High Flying Virgin

What a great breath of fresh air the ITV documentary on Virgin Atlantic was, quite unheard of over the last 20 years with the UK aviation. Instead of seeing crowds of people moaning about missing their flights or problems occurring at airports, or draconian measures when employing staff as seen British Airways, this was a true good news story bringing new life into a well loved brand.

Reaching 30 is a great achievement for such a small airline, and much like Ryanair have punched above their weight at time in order to change the industry. It has been achieved in different ways, Virgin Atlantic pride themselves on offering a better product than the competition, and battle the establishment, especially at Heathrow. Despite being opposed to the BA/AA tie up, it has now teamed up with Delta Airlines to protect their position on their most profitable market, that of the USA.

Ryanair did it a different way, bringing in a lower cost to operate, and therefore bringing the cost of flying down. This had fed through to these more established airlines, even though Ryanair is 30 as well today. In the first episode we saw the build up to the launch of their first 787, which will replace the less fuel efficient A340-600 and 747-400’s, ordered in a day when they believed ‘four engines 4 long haul’. That left them in a difficult position when the fuel price went through the roof, and the 787 is the first step to realigning the business to one which is profitable.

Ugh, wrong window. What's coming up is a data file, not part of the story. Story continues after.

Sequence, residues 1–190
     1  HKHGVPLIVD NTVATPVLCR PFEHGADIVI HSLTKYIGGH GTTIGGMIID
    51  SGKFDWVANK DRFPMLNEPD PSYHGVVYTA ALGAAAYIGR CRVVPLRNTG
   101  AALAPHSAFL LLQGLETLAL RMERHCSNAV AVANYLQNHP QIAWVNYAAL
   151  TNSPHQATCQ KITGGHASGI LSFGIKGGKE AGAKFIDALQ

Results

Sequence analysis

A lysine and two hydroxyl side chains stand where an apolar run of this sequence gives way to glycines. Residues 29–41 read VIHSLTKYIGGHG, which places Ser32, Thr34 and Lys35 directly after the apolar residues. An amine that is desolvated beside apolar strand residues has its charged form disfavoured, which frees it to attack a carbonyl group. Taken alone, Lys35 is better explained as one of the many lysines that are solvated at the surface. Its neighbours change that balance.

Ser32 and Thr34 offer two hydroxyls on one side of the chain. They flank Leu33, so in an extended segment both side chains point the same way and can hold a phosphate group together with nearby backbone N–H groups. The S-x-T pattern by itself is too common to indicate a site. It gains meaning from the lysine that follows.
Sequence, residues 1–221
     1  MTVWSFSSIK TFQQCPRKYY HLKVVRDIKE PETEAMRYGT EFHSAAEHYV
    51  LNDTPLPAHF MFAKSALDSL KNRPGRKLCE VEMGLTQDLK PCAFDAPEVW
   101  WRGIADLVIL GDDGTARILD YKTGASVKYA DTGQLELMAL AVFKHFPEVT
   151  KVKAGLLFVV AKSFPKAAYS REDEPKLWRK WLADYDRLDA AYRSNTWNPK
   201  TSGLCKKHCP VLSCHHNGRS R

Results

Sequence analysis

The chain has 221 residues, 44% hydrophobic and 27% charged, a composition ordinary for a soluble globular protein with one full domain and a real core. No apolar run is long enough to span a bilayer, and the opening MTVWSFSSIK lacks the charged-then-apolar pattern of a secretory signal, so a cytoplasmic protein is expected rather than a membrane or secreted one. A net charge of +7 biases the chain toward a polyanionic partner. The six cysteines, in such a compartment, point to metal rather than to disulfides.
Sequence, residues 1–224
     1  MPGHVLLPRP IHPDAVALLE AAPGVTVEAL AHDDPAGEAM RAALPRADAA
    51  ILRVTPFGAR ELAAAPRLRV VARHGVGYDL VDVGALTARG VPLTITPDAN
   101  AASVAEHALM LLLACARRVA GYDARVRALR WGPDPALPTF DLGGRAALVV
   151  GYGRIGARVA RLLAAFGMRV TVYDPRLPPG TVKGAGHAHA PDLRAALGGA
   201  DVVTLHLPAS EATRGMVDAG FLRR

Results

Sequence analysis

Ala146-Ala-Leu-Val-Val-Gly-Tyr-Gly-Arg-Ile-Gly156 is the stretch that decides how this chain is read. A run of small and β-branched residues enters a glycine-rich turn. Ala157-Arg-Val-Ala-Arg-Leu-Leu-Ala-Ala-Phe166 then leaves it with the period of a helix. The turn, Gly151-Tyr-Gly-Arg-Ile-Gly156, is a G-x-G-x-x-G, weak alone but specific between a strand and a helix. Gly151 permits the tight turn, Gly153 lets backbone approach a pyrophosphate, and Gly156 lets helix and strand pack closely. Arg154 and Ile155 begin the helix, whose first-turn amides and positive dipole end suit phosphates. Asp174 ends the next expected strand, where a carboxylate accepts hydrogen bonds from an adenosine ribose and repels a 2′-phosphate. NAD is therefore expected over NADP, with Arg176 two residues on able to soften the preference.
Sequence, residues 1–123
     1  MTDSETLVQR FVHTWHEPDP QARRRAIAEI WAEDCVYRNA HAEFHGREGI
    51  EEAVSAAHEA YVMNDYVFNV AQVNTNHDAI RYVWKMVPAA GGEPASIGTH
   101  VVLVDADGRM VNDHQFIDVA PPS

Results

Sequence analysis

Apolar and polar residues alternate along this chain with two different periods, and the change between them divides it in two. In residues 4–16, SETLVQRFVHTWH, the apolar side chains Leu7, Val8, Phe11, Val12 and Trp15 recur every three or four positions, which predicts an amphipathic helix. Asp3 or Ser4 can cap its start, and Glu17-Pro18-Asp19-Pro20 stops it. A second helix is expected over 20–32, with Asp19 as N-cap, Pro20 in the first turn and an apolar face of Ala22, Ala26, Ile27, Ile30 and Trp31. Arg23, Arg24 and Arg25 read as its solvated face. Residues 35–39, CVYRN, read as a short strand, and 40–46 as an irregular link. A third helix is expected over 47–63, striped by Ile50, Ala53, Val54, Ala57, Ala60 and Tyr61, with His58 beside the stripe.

What came across yesterday was the positivity throughout the company. That wasn’t just from the top, but from the cabin crew and background staff, not all in the public eye. Compare that to the recent documentary on British Airways by the BBC and it looks sour and draconian in comparison.

The pressure to increase profits brought in the new and unpopular Upper Class Suite on the A330, the aircraft employed by the airline to bridge the gap during the delays caused on the 787 programme. It was too small, too narrow and the four abreast seating didn’t work on a similar cabin width to the A340 which only has 3. With the new seat shown on the episode, costing several hundred thousand pounds that it has been reversed on the 787. Listing to the public in what they want is a necessary part of any successful business.

It’s great that we can have such positive, forward thinking and emotionally compelling companies broadcast on television. A real breath of fresh air.

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